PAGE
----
Occupational Health

by Anna Harrington

Mental health at work

Maybe you or a close friend or family has experienced mental ill health? If so think about how you felt with respect to

  • Disclosing it at work
  • Gaining meaningful employment
  • Telling those close and dear to you
  • Anyone finding out, without you knowing who those people are and being in control.

It is likely you felt fearful about any or all of the above situations. Fear is not good for mental wellbeing and it limits people. Mental ill health has a level of stigmatism attached to it. People feel ashamed; they are at risk of being discriminated against, or even bullied and harassed. The reactions from society, friends and family have a big impact on those with mental ill health.

Mental ill health affects one in three of us. It is common; therefore it is of significance to workplaces. Research and anecdotal evidence shows that stigmatism in the workplace prevents employees from disclosing that they have a mental health problem. Research conducted by the Shaw Trust has revealed that half of the employers surveyed say they wouldn’t hire somebody with a mental illness, and the majority still don’t have policies in place to support people with mental health problems.

Working with a mental health problem

Most people with mental ill health are able to hold down employment and contribute to the workplace. Unfortunately, negative cultures within organisations and the societal stigmatism of individuals with mental ill health mean that it is a challenge for individuals with a mental health problem to obtain and remain in work.

In reality, it is beneficial to an organisation to have a workforce that is diverse and represents the population as a whole. However, the workplace needs to have an appropriate culture. An organisation’s culture controls the behaviours and actions of the members (employees) with in it. A culture which demonstrates acceptance of all, embraces diversity and nurtures individuals will not only benefit those with a mental health problem, but will benefit all and allow individuals to have a greater chance of performing well and being engaged. Cultures which exhibit acceptance only of certain individuals, tolerate behaviour which inhibits communications, and identify certain employees as ‘weak’ will cause mental harm to all within it, whether they have a mental illness or not.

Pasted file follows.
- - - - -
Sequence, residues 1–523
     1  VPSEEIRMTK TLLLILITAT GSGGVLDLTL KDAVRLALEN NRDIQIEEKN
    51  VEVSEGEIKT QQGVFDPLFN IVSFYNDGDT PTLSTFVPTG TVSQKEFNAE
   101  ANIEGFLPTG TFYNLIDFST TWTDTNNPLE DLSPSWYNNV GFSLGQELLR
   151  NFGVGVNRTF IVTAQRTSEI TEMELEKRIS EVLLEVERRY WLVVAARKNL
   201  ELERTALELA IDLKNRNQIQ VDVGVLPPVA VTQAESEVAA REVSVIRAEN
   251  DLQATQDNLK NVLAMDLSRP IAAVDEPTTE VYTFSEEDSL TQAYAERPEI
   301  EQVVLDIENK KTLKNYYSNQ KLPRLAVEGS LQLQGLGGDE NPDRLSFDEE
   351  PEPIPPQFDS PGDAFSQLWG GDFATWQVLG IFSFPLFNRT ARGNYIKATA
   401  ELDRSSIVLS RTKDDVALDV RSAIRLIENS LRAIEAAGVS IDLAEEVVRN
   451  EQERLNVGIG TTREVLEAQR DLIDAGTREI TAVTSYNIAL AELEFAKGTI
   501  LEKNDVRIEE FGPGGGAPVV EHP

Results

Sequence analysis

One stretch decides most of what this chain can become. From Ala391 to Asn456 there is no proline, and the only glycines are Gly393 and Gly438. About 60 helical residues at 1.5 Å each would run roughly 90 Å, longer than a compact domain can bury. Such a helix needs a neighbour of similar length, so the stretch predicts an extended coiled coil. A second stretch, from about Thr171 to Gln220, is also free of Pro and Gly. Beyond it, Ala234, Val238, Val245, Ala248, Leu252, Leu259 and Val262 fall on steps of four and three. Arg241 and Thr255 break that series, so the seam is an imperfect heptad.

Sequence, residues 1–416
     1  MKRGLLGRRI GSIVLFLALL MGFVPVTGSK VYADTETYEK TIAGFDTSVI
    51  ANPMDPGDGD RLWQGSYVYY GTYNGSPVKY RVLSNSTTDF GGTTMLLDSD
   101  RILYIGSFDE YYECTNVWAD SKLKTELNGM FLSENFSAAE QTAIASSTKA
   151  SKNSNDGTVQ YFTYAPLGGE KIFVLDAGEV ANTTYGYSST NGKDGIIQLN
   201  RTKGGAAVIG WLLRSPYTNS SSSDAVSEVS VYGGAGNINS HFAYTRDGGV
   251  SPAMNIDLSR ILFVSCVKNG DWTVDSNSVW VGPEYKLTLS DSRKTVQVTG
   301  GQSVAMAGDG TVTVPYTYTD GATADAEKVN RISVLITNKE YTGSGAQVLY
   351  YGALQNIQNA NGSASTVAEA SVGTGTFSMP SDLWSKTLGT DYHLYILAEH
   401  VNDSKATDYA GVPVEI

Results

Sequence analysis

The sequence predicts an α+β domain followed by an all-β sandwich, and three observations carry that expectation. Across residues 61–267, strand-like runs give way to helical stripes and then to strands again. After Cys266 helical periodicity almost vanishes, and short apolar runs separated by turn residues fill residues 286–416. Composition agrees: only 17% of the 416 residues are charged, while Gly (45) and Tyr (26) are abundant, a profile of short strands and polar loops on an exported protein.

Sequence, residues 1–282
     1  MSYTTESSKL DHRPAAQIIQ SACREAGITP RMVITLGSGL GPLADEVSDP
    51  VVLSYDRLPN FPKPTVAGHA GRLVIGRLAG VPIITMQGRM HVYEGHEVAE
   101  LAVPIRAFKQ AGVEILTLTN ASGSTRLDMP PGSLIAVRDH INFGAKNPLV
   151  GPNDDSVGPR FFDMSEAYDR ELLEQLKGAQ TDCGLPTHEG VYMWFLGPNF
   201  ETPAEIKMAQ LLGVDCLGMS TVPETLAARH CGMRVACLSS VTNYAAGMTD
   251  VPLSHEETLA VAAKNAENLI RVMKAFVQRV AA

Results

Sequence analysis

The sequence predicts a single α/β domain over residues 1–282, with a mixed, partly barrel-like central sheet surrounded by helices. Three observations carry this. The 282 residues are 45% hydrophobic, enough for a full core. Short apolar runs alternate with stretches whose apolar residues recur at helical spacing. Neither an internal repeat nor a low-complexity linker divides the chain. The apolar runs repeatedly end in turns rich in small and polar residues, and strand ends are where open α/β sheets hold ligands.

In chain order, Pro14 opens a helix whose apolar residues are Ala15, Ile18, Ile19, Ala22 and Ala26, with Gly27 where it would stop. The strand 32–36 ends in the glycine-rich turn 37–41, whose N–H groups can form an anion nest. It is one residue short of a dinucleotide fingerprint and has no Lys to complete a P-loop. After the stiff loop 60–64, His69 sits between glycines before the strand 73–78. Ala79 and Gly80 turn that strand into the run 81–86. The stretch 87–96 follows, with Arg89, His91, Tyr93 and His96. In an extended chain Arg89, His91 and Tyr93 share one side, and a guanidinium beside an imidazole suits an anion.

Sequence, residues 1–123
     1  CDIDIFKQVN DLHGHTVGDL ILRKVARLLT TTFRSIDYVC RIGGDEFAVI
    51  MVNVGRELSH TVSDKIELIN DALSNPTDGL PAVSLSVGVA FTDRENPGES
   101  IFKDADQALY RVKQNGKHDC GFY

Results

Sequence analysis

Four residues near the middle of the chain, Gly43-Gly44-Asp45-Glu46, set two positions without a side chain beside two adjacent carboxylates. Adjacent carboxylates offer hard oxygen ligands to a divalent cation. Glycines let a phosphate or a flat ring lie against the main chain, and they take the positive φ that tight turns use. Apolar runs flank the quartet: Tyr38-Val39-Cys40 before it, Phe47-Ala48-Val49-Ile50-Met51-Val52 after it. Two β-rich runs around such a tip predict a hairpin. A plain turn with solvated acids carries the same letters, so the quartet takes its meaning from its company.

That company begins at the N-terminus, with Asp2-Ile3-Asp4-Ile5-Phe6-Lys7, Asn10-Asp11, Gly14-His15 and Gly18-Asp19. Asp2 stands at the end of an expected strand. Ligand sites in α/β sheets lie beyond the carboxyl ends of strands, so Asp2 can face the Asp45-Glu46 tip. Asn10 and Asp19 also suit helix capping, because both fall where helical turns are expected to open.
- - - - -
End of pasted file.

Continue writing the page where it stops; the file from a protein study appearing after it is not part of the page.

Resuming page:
Training line managers and the senior management team in diversity, positive workplace culture and mental health problems can go some way towards reducing stigmatism and creating a culture which engages all. It is the interaction of the individuals within the workplace culture that affects mental health, so workplaces need to make sure that this is generally positive for the majority of people.

Mental health problems result from a complex interaction of biological, social and psychological factors, but are still usually discussed in medical terms. Mental ill health covers everything from major psychotic symptoms (see below) to general unhappiness.

Common mental health disorders

Most mental health symptoms have traditionally been divided into groups called either ‘neurotic’ or ‘psychotic’ symptoms.

‘Neurotic’ or mood disorders cover those symptoms which can be regarded as severe forms of ‘normal’ emotional experiences, such as depression, anxiety or panic. Conditions formerly referred to as ‘neuroses’ are now more frequently called ‘common mental health problems’. They are depression, depression and anxiety, panic attacks and phobias. Mixed anxiety and depression is the most common mental health disorder. Bi-polar is a severe swinging of moods between elation and depression.